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The nucleus closest to the tip moves a long distance, whereas the nucleus near the spore end moves only a short distance [27]. Molecular studies on nuclear migration started initially from the isolation of the nud (nuclear distribution) mutants in A. nidulans [28]. Characterization of the nud gene products in A. nidulans, as well as the ropy gene products of N. crassa, has identified cytoplasmic dynein as a major motor for nuclear migration in filamentous fungi [29,30], although kinesin-like proteins are also involved in nuclear migration in Saccharomyces cerevisiae [31,32]. Cytoplasmic dynein is a microtubule stimulated ATPase that can translocate towards the minus ends of microtubules [33]. Mammalian cytoplasmic dynein is a 20S complex containing heavy chains, intermediate chains, light intermediate chains and light chains. The heavy chain contains the ATP-binding activity, whereas the other subunits may regulate activity or target the motor to different cargos [33]. A dynein accessory complex, the dynactin complex, has also been identified and shown to be required by dynein to move vesicles in vitro [33]. The dynactin complex also contains multiple subunits, such as dynactin and the actin-related protein Arp1 [33]. In A. nidulans, genes affecting nuclear migration include those that encode a cytoplasmic dynein heavy chain (nudA) [29], a cytoplasmic dynein intermediate chain (nudI) (X Xiang, NR Morris, unpublished data), the 8 kDa cytoplasmic dynein light chain (nudG) [34] and an Arp1 homolog (nudK) [35]. In N. crassa, genes encoding components of the dynein complex and the dynactin complex have also been identified. These include ro-1, which encodes a cytoplasmic dynein heavy chain [30], ro-4, which encodes an Arp1 homolog [30,36], and ro-3, which encodes dynactin [37]. Several models have been proposed to explain dyneinmediated nuclear migration in filamentous fungi [28,30,38]. The existing experimental data are not sufficient, however, to prove or disprove any of these models. Since dynein is a minus-end microtubule motor, one obvious issue concerns the location of microtubule minus ends in the hyphae. Inside a cell, the minus ends of microtubules are generally embedded in a γ-tubulin containing structure called the microtubule organization center (MTOC) [39]. In A. nidulans, evidence indicates that the spindle pole body is the MTOC that generates cytoplasmic microtubules since γ-tubulin has only been found at the spindle pole body [40]. However, in Allomyces macrogynus and Ustilago maydis, data support the existence of a MTOC at the apex [41••,42]. Depending on the need for different microtubule polarities in the cell, different fungi may use different mechanisms to move their nuclei in the hyphae. Besides the action of motors on microtubules, microtubule dynamics itself, which can be affected by motor proteins, could also generate the force for nuclear distribution [43]. The fact that the nud mutants can be partially suppressed by a low dose of a microtubule depolymerizing drug benomyl supports such a notion [44].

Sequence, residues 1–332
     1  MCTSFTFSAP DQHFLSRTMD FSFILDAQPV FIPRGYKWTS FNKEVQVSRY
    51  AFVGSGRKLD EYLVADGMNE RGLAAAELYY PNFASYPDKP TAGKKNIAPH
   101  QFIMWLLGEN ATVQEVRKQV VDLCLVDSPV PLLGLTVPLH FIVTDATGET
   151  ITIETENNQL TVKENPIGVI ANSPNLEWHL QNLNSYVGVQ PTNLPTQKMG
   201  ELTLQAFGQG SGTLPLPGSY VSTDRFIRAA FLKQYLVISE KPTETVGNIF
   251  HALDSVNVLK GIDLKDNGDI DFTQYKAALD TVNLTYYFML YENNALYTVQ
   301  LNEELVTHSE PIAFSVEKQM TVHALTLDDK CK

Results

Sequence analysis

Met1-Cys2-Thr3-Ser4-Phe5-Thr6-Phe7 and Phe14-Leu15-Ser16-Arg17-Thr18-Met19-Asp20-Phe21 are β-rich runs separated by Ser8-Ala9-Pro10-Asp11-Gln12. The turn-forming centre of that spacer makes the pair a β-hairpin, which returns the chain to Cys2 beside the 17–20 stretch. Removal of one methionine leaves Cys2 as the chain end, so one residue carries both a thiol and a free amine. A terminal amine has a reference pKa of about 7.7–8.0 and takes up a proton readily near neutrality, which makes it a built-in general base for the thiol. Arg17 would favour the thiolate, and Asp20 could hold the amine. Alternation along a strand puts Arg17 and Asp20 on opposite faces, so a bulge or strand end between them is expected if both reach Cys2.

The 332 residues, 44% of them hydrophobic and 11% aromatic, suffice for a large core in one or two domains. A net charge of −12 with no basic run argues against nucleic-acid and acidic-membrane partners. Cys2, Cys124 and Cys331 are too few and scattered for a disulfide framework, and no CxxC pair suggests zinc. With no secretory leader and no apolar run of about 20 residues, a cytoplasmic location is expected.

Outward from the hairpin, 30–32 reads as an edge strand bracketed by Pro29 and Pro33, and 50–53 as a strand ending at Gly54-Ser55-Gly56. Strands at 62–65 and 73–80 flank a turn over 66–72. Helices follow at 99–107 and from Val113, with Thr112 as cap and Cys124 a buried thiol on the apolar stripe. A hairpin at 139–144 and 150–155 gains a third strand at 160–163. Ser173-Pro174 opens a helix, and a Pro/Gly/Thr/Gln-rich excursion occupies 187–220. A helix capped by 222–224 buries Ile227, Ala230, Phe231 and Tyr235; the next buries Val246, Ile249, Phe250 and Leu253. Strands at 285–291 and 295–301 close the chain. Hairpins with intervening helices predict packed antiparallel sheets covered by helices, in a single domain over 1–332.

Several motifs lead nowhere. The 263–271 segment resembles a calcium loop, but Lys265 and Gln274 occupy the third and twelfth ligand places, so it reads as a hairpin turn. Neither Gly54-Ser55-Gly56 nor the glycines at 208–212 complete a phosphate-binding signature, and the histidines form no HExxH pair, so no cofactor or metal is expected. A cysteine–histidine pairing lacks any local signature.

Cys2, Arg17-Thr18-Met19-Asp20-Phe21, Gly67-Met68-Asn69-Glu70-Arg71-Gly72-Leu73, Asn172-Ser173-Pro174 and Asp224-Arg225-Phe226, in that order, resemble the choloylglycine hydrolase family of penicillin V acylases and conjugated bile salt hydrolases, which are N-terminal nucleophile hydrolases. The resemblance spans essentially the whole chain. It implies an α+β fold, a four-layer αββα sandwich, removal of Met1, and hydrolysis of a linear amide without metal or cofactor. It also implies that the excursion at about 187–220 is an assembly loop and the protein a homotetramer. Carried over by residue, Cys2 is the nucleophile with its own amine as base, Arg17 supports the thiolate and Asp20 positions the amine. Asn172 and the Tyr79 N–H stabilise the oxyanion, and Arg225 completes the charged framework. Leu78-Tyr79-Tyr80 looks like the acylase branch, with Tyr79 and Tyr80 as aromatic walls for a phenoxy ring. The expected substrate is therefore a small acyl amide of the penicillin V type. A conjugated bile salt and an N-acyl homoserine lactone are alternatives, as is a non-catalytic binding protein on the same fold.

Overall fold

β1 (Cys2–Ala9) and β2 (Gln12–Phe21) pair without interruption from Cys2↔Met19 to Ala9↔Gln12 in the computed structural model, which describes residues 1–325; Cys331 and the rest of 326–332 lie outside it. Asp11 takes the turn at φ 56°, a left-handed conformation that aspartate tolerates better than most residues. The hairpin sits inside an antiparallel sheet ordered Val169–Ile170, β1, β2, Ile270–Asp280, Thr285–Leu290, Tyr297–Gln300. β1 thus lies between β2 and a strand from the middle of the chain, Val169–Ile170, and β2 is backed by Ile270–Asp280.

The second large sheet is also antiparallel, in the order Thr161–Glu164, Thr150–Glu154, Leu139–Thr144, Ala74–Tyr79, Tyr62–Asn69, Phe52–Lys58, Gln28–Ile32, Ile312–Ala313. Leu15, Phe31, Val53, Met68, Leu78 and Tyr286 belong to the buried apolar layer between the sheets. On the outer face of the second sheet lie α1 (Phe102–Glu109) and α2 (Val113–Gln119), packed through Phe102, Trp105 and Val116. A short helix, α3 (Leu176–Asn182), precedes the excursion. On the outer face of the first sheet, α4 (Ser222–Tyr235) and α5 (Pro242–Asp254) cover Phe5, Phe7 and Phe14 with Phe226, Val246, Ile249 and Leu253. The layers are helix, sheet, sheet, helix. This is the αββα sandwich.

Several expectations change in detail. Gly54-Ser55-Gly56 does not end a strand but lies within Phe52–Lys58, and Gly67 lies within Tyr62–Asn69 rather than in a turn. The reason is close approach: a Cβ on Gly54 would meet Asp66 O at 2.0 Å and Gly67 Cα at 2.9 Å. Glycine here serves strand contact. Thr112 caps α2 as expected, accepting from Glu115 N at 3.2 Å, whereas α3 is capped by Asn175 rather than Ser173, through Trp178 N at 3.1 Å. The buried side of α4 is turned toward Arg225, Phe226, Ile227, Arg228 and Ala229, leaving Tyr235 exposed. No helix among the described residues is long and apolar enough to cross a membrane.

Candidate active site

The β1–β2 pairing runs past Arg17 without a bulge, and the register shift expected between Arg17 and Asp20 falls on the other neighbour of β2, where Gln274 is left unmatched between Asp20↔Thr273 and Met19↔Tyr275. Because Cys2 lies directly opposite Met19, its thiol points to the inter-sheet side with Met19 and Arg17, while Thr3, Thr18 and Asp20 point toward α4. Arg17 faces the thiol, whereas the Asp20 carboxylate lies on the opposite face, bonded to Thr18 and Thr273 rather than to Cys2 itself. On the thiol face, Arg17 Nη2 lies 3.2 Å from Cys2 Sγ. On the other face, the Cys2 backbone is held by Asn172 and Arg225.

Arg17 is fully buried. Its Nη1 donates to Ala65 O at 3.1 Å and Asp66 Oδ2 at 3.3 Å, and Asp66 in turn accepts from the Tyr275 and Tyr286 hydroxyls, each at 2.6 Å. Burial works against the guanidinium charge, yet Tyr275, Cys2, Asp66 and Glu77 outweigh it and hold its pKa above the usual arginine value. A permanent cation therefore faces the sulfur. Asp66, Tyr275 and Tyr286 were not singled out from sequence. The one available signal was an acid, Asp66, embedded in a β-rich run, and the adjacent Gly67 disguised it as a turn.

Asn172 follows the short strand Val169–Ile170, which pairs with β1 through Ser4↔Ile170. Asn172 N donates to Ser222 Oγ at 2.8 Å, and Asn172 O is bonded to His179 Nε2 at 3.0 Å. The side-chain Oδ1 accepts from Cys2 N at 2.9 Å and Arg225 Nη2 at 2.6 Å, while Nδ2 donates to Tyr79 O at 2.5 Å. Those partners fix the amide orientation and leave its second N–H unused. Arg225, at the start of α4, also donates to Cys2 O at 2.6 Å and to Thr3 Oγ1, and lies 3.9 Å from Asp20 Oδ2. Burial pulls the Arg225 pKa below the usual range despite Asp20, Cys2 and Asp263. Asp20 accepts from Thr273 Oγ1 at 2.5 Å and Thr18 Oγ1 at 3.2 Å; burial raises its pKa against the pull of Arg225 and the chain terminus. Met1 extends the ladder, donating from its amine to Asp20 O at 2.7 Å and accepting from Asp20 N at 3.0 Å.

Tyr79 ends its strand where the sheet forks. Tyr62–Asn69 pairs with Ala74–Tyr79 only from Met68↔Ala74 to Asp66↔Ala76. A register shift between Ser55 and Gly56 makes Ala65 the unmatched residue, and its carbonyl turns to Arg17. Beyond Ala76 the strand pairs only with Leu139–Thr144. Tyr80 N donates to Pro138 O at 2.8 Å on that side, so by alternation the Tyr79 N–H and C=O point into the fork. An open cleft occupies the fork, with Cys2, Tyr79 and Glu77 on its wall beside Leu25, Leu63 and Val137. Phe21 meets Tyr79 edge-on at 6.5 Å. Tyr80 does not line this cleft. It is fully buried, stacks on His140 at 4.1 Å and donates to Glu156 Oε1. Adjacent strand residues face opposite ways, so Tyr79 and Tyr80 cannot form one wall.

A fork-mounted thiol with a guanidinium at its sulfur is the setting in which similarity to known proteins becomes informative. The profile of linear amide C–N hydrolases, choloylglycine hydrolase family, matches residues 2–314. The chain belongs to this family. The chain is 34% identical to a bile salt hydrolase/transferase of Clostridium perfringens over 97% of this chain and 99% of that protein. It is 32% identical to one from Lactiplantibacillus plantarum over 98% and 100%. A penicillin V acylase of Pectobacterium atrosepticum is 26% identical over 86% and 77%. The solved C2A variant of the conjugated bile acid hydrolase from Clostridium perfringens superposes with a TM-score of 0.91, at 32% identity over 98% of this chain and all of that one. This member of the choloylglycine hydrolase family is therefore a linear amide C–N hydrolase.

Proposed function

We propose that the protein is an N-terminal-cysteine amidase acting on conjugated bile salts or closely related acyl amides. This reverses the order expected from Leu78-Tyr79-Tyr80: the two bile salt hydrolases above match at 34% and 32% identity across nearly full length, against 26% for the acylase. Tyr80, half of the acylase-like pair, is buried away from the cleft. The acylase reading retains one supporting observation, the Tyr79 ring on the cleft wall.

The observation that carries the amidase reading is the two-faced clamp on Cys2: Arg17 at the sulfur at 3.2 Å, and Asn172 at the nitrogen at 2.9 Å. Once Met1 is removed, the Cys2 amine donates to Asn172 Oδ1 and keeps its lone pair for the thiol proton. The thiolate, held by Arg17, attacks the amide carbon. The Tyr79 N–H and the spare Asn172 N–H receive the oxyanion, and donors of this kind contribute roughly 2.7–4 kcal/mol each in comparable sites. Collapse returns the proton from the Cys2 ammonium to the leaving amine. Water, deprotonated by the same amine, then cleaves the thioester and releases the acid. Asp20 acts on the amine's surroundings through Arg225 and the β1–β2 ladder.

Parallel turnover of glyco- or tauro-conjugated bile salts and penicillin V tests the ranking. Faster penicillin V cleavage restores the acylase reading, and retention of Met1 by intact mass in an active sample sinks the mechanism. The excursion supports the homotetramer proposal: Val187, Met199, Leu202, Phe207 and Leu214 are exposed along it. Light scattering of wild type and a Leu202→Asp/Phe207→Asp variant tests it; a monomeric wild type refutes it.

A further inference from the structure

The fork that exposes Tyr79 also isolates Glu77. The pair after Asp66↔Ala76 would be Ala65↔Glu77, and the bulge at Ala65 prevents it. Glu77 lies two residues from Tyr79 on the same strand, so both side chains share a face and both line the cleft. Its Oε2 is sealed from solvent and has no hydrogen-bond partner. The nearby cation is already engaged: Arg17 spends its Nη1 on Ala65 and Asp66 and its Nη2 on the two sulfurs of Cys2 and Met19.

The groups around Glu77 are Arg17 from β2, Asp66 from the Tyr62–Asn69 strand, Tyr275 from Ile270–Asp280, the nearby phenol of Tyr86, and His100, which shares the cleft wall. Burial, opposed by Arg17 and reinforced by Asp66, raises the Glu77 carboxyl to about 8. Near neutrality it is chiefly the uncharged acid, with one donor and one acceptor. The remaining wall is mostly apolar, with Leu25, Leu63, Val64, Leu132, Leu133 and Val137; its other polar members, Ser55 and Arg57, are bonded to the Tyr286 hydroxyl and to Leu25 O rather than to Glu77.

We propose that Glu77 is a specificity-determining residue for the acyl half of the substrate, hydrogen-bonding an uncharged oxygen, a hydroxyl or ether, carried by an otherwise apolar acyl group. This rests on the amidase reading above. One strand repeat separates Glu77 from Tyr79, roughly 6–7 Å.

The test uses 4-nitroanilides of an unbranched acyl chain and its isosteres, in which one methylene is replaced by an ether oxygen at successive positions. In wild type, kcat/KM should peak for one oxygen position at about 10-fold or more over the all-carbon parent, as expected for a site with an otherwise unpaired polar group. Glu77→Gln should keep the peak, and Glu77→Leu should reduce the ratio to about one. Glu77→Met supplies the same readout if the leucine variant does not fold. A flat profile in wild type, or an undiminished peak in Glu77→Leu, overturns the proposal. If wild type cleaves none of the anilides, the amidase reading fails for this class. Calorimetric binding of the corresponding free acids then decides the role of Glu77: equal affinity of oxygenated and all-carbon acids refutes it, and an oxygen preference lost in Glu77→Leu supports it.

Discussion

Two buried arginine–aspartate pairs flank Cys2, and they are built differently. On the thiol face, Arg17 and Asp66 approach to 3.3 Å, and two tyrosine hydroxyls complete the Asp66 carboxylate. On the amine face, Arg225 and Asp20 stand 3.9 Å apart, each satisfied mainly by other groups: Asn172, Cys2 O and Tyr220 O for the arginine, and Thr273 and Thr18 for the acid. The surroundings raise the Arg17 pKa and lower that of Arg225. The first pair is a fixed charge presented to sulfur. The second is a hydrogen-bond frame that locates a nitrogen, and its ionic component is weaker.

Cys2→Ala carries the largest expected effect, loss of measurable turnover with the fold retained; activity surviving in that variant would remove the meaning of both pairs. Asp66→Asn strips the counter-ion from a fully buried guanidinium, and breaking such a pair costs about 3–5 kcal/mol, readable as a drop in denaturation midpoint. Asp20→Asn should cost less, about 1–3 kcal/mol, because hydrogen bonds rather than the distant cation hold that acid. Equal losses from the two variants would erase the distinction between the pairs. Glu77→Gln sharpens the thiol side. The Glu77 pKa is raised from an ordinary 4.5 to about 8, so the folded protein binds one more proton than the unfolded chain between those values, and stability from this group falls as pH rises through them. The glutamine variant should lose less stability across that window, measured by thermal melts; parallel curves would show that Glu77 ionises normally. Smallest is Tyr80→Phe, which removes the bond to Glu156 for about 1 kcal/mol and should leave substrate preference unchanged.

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Work from S. cerevisiae on antagonizing motors involved in spindle positioning also supports such an idea [31]. In addition to the genes that encode proteins homologous to the known subunits of the cytoplasmic dynein and dynactin complexes, other genes have been identified that are required for nuclear migration in filamentous fungi. These include the nudF [45], nudC [46] and nudE (VP Efimov, NR Morris, unpublished data) genes in A. nidulans, and the ro-2 [47], ro-10 and ro-11 [48••] genes in N. crassa. We suspect some of these represent in vivo regulators of cytoplasmic dynein. In N. crassa, a ro-10 mutant affects the stability of the p150 Glued protein in the dynactin complex [48••]. In A. nidulans, nudF functions in the cytoplasmic dynein pathway as evidenced by the nudF7 and nuclA double mutant analysis [49]. More interestingly, the phenotype of the nudF deletion mutant can be suppressed by a mutation in the nudA gene that encodes cytoplasmic dynein heavy chain [49], which suggests that nudF could regulate some aspects of cytoplasmic dynein function. Two other genes, apsA [50] and apsB [51••], that affect nuclear migration, particularly during the development of conidia, have also been cloned in A. nidulans.

The relationship between hyphal tip growth and nuclear migration Hyphal growth is an asymmetric process with new synthesis occurring only at one end. Although nuclei do occasionally move in opposite directions in the cell, the main direction of nuclear migration is toward the growing tip [14••,27]. During hyphal elongation, tip growth may occur before nuclear migration, and such a notion is supported by the fact that initial germ tube elongation occurs without nuclear migration in the nud mutants [29]. The simplest explanation to account for the tip-ward nuclear migration is that nuclei are attached to the tip through astral microtubules from their associated MTOCs. It has been proposed that an interaction between microtubules and cytoplasmically anchored dynein could generate force and that this force might be proportional to microtubule length [43]. Thus, unbalanced astral microtubule lengths might generate independent nuclear movements and the longer astral microtubules that probe tips and branches could produce tip-ward nuclear movement. A dyneindependent interaction between astral microtubules from adjacent nuclei has been proposed to account for separation and regular spacing of nuclei [30]. Laser tweezer experiments have directly demonstrated dynein-dependent nuclear anchoring in Nectria haematococca [14••], and dynein was also shown to be required for microtubule aster formation and the astral pulling force [52••]. Tip growth and/or its associated microtubule elongation may also activate cytoplasmic dynein, which in turn functions as either a minus end motor or part of the microtubule coupling and depolymerization machinery to pull the nuclei toward the tip (discussed in [44]). Immunocytochemical localization of cytoplasmic dynein